Predicting Human Immunodeficiency Virus (HIV) Drug Resistance using Recurrent Neural Networks.

Predicting HIV resistqnce to drugs is one of many problems for which bioinformaticians have implemented and trained machine learning methods, such as neural networks. Predicting HIV resistance would be much easier if we could directly use three-dimensional (3D) structure of the targeted protein sequences, but unfortunately we rarely have enough structural information available to train a neural network. Furthermore, prediction of the 3D structure of a protein is not straightforward. However, characteristics related to the 3D structure can be used to train a machine learning algorithm as an alternative to take into account the information of the protein folding in the 3D space. Here, starting from this philosophy, we select the amino acid energies as features to predict HIV drug resistance, using a specific topology of a neural network. In this paper, we demonstrate that the amino acid energies are good features to represent the HIV genotype. In addition, it was shown that Bidirectional Recurrent Neural Networks can be used as an efficient classification method for this problem. The prediction performance that was obtained was greater than or at least comparable to results ontained previously. The accuracies vary between 81.3% and 94.7%.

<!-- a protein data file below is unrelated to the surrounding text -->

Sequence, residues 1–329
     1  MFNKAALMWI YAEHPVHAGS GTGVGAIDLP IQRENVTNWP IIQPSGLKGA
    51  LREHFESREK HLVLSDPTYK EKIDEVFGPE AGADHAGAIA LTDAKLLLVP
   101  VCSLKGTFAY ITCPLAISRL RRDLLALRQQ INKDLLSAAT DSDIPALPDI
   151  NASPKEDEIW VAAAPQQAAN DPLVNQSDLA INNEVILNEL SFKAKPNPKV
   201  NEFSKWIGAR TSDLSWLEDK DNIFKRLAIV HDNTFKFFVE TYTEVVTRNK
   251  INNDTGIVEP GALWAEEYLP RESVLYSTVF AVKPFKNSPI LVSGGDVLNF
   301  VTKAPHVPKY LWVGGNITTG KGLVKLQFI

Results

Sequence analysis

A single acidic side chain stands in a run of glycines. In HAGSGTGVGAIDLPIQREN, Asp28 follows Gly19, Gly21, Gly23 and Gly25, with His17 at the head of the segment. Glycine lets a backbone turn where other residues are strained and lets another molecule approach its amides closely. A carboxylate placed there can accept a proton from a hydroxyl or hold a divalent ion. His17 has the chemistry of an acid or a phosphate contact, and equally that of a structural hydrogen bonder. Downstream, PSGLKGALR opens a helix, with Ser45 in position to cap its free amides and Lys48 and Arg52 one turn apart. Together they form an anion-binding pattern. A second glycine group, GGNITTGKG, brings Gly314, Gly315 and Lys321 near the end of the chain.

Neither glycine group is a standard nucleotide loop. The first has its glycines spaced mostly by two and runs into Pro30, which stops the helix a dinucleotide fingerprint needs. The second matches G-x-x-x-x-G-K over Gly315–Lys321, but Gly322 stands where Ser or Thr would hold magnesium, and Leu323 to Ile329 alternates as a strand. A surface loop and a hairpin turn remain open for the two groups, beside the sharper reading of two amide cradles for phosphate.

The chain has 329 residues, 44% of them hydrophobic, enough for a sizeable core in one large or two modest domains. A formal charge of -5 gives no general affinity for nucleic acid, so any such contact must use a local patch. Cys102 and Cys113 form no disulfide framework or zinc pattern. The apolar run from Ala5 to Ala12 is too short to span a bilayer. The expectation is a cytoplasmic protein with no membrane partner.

Bonet, I., Garcia, M.M., Salazar, S., Sanchex, R., Saeys, Y., Van de Peer, Y., Grau, R. (2006) Predicting Human Immunodeficiency Virus (HIV) Drug Resistance using Recurrent Neural Networks. Proceedings of the 10th International Electronic Conference on Synthetic Organic Chemistry, 2006.









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